DOWNLOAD THE APP AND WE’LL PLANT A TREE
A download equals a tree, assured
the dream creature who said she worked at a consulting firm
called Partly Knowledgeable.
Last night the things that keep me up kept me even better,
longer, smarter, smart-phonier.
When I slept into the creature, I also dreamt cathedrals, multiple
city squares of them,
and heard a voice describe their “offici-aura,” their flying buttresses
there are no apps for.
Or are there? I pay no mind to many things, many apps, and suffer
l’esprit d’escalier, staircase wit:
the condition when you think of perfect replies only as you get down
to the door. When you fantasize
being back in the room and staring at seated faces while you flip
the light switch on and off,
until finally you say, “Just as I thought! We’ve got electric, not gas,
lighting here.” Over 500 steps
to the top of Saint Paul’s: descending that heaven, what comebacks
I could muster—enough
to save earth’s face. Maybe people’s, too. AI developers agree
we should pause AI—
which is already developing itself by itself—but when interviewed,
many express feeling obligated
to usher in (that’s the phrase they use) this new phase of, what?
Once I turned dictation on
for a text but had said nothing yet, in our bathroom with the fan
whirring, and a sentence appeared:
“I’m angry.” What if it’s a consciousness they’re playing midwife to,
what if it’s already mad?
Boarding the Amtrak in Chicago, I saw an empty seat next to a nun
and took it. Hours later,
we were friends, telling girlhood stories, talking foster children,
quoting Robert Hayden
and love’s austere and lonely offices—which must have been where
my cathedrals came from—
and staring at deer, turkey, trees with character out the window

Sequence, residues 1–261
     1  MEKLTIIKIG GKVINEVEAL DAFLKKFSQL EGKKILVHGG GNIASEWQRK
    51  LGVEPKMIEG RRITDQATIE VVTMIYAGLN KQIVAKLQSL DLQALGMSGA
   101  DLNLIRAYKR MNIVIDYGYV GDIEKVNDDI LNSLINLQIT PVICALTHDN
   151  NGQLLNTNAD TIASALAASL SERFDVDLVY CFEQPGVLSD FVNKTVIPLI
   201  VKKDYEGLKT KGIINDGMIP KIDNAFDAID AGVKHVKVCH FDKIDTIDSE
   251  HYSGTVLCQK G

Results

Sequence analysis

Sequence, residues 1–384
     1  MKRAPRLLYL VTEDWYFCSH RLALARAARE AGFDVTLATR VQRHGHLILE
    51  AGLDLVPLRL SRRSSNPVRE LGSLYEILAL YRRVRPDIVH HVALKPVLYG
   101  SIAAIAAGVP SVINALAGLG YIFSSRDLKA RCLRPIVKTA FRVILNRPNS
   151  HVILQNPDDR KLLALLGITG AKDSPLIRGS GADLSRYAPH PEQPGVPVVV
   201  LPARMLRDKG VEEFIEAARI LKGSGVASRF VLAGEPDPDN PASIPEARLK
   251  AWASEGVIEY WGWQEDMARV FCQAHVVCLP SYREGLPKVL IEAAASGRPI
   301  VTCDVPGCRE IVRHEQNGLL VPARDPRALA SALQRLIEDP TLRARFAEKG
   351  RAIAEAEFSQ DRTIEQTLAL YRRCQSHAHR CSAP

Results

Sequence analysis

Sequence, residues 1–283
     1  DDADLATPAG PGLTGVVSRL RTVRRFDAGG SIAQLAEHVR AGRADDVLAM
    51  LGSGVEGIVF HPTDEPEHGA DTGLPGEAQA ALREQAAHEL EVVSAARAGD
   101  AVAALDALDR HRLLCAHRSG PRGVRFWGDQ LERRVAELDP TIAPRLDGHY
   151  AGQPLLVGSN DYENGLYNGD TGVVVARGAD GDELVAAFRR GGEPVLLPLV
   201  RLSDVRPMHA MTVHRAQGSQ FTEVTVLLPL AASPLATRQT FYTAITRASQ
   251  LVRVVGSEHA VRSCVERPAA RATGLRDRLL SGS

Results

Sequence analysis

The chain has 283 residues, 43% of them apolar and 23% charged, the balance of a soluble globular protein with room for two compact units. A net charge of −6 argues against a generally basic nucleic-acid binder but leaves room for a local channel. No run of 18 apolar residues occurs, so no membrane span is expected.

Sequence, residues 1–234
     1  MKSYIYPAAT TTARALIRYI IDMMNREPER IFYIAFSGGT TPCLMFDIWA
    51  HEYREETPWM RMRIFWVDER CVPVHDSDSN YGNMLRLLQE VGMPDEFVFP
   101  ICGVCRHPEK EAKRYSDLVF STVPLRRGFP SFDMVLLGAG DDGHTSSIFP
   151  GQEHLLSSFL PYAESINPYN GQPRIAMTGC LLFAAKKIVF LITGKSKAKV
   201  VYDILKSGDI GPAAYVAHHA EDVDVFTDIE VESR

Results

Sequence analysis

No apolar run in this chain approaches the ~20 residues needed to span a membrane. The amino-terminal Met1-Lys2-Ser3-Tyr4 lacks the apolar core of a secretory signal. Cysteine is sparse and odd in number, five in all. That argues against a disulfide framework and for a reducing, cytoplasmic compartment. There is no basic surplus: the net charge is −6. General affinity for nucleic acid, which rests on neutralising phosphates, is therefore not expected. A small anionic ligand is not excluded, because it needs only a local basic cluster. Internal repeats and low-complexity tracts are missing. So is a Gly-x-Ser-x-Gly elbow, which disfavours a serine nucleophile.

rolling, tracked with rain
and something human, something I want to keep so it covers me
not like a blanket,
but like snow that almost becomes the ground, like the Honey hairs
that became my mother’s couch.
Their black lines would fall inside its plaid pattern, those fur-falls
of the beloved dog
I took as a pup away from a woman who said she would drown her.
A scared shit-crusted runt,
beaten up and denied: when we got her home we kept saying oh honey,
oh honey, whenever she tried
to walk or eat, and before we knew it, our sadness was her name.
—from Poets Respond
May 2, 2023
Katie Hartsock: “I received an email from Firestone Tires on Earth Day, and the subject line was ‘Download the App and We’ll Plant a Tree.’ This suggested transactional exchange seemed to indicate an equality between the two actions where I found none. It also points towards the ever-increasing weaving of the digital world into our material lives, a blurring which worries and saddens me. The poem also references interviews with AI developers which I read about in a recent Substack by the excellent Paul Kingsnorth.” (web)